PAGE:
Melinda Francis Ainscough and her husband had nine children, several of whom died young. At least two of them, Alice and George Ainscough, were born at Springfontein during the Anglo-Boer War, and George died at the age of two weeks, perhaps of the same disease that caused the death of so many children in the concentration camp nearby. On 29 May 1903 Melinda Frances Ainscough herself died, and the surviving children were brought up by their grandparents, William Matthew and Elizabeth Growden.

In 1904 a town was established at Springfontein. William Matthew Growdon bought a farm in the area, Mooiplaats, on 4 January 1904. He must have retired from the railways soon afterwards, because he received a pension of £36/4/2 which, according to the resident magistrate at Bethulie, he drew up to and including 31 March 1908, but at no later date.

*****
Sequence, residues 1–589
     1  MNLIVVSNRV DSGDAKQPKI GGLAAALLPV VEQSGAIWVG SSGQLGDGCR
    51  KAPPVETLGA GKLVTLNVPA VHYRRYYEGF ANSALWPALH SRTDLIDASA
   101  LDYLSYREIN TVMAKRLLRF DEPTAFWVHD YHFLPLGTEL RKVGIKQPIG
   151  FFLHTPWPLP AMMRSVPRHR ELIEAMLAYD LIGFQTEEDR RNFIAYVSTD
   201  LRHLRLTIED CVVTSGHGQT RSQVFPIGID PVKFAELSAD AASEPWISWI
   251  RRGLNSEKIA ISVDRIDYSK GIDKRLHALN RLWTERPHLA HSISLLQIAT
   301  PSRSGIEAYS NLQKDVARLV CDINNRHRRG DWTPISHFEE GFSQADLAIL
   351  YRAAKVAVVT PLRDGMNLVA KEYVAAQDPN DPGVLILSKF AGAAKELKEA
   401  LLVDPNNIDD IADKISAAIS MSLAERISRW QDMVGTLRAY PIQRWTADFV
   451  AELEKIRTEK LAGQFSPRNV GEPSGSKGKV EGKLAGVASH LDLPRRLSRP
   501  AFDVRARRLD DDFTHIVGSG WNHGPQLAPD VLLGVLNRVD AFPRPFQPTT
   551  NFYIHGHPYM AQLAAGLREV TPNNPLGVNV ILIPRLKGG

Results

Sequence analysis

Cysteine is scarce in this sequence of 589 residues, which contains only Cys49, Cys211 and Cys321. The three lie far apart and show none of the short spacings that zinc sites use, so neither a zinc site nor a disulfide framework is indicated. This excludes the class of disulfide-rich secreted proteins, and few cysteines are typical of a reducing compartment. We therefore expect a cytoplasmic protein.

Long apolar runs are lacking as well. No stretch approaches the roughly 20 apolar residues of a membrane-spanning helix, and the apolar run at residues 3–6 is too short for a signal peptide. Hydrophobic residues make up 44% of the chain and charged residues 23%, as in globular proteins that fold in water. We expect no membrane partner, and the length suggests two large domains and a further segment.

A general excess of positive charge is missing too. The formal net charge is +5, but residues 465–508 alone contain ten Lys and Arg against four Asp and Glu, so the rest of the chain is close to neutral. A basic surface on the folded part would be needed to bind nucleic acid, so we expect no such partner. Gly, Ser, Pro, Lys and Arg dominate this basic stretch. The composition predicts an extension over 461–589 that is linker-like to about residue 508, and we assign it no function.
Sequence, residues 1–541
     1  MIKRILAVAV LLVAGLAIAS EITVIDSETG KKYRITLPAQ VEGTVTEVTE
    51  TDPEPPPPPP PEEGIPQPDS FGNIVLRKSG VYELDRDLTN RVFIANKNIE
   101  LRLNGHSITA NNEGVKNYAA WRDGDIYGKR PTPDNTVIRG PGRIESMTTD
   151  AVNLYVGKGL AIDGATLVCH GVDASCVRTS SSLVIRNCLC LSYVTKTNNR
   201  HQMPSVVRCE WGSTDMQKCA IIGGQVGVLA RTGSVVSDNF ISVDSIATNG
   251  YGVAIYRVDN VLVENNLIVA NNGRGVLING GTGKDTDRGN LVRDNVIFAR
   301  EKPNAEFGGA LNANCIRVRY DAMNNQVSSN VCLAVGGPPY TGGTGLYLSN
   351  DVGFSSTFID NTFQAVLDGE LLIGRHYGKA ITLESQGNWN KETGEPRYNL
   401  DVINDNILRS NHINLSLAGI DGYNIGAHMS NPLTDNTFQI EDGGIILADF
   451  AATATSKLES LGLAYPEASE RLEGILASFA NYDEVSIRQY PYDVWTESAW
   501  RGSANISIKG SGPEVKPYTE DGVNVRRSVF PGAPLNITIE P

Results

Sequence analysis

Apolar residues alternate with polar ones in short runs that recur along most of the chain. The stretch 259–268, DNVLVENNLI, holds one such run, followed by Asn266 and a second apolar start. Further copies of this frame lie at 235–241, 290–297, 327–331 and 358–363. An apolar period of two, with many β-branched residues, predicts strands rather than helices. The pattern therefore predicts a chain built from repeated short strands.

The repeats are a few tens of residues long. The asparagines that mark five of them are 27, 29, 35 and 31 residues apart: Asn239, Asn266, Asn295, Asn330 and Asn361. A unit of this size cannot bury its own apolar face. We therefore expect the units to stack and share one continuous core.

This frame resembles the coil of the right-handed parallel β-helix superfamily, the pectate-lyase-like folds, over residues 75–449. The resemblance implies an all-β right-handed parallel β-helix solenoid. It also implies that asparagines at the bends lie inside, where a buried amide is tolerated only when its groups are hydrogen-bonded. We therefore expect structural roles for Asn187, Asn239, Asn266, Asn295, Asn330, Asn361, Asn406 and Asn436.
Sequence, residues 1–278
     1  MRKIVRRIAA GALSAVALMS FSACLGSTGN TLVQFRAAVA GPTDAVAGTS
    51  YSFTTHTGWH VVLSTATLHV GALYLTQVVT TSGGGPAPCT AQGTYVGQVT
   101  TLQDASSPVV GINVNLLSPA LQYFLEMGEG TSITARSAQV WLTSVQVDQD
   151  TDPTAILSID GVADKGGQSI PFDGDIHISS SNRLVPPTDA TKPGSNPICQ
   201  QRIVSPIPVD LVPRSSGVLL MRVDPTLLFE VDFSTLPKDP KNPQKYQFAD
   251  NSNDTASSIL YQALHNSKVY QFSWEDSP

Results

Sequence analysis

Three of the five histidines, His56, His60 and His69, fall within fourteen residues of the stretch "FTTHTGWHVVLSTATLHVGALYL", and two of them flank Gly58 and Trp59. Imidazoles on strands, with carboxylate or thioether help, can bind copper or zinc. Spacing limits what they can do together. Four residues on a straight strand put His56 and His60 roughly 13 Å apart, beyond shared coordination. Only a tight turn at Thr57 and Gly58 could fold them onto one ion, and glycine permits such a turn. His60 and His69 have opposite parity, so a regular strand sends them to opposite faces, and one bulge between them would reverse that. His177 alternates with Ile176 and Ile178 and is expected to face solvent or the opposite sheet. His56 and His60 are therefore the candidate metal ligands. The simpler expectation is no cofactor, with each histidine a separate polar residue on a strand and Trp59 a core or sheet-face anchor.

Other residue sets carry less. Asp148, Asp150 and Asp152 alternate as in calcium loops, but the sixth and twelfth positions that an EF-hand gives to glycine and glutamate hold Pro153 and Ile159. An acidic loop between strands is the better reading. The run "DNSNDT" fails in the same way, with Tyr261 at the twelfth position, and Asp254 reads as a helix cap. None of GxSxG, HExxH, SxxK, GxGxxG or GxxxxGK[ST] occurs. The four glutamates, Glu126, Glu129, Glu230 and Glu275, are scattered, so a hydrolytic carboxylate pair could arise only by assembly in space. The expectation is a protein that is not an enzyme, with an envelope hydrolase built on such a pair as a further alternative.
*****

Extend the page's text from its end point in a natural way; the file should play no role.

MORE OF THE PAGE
In April 1913 the Growdons moved to Queenstown, and William Matthew Growdon died four months later in a cart accident. He had taken Mrs Berry and Mrs White on a drive to see the Bongolo Dam, on the afternoon of Tuesday 26 August 1913, and on their return the horse bolted, and the spider overturned, and the occupants were dragged for about 50 yards. They were taken to the nearby Bongolo Tea Room, where he died the following afternoon. Here is a contemporary newspaper account:

FATAL CART ACCIDENT: MR GROWDEN SUCCUMBS